Can Nano-bubbles Beat the Water Lettuce on Vaal River?

Can Nano-bubbles Beat the Water Lettuce on Vaal River?

Can teensy-weensy nano-bubbles be the latest weapon in the escalating arms race to eliminate the invasive water lettuce which has almost taken over large sections of the Vaal River in Emfuleni?

Getting rid of the Vaal River’s dreaded water lettuce – or Nile cabbage as it is also known – may be a relatively simple matter of breathing new life into the marine system with trillions upon trillions of teensy-weensy nano-bubbles to literally starve the invasive species to death.

So tiny and numerous are nano bubbles – meaning of such tiny molecular size that literally billions of them can be placed on a fingertip – that they infiltrate and penetrate the chemical structure of the nutrients the water lettuce extracts from the Vaal River to feed itself.

Nano-bubbles are thus a new weapon in the armoury of bioremediation in South Africa and together with other interventions, can hold the key to resolving not only the water lettuce and other invasive plant threats, but can improve water health in general, say experts.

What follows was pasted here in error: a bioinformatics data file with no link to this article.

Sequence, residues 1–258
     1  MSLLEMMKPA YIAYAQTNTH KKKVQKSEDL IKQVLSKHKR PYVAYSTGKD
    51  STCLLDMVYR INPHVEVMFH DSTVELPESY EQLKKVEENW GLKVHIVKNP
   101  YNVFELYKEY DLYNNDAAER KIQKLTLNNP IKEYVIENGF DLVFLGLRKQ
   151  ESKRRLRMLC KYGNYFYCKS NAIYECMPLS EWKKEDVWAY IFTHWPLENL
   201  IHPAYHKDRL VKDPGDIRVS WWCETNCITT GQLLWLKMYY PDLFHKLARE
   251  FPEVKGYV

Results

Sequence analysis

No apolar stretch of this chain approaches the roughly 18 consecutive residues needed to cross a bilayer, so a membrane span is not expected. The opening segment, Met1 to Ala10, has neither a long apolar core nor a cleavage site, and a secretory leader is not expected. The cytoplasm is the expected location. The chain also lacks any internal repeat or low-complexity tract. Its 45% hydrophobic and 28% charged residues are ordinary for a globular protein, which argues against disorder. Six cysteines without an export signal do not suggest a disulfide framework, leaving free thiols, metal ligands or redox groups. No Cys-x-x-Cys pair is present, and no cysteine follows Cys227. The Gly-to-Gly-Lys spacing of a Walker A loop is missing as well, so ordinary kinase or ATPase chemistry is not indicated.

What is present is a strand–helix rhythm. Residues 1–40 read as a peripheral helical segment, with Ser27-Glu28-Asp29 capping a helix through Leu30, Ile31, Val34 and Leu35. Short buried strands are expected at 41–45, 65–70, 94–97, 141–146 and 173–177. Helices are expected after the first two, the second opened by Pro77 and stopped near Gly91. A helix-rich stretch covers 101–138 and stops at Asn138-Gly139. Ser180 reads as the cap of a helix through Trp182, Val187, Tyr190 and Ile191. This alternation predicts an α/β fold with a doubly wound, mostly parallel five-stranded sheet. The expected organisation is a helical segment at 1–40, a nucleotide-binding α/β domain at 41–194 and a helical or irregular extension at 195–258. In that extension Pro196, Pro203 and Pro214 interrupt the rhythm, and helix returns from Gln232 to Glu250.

To date the Vaal River’s water lettuce infestation in Emfuleni still seemingly resists the best that traditional removal strategies can throw at it – from physical removal to introducing biological weapons such as insects to feed on the invasive weed.

However, Rand Water, companies, river property owners and civil society organisations, are mobilising intensively to begin a more comprehensive fight-back against the resilient water weed in the near future.

Rand Water and its senior officials were introduced to the nano-bubble concept on a recent boat trip on the Vaal River including Vereeniging-based bioremediation experts Blue Planet – who say they have already deployed the technology at the Hartbeespoort Dam.

Technically, nano-bubble bioremediation can be likened to smoke permeating through rooms in a house to fill an entire structure, with the nano-bubbles occupying and being continuously regenerated through piping from a generation station.

The technology is currently being used at thousands of locations across the globe with great success, including breathing new life into Lake Elsinore, California, in the United States.

“Nano-bubbles are a pro-active and restorative tool for water bodies and rivers which penetrate the sediment layer – organic and inorganic materials accumulated at the bottom – disrupting the upward flow of nutrients and oxidising and rendering them valueless to the water lettuce,” said Blue Planet CEO Heiner Dominick.


Read the original article on The Citizen.